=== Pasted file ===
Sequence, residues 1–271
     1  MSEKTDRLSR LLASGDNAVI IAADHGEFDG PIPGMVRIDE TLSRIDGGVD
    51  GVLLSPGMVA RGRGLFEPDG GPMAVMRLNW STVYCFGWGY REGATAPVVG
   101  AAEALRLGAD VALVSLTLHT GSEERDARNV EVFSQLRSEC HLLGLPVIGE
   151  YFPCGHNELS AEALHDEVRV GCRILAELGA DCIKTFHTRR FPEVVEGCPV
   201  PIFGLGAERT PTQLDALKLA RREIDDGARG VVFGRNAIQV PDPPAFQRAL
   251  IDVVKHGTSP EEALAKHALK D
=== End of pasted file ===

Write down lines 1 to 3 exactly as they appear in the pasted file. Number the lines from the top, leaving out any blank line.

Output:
Sequence, residues 1–271
     1  MSEKTDRLSR LLASGDNAVI IAADHGEFDG PIPGMVRIDE TLSRIDGGVD
    51  GVLLSPGMVA RGRGLFEPDG GPMAVMRLNW STVYCFGWGY REGATAPVVG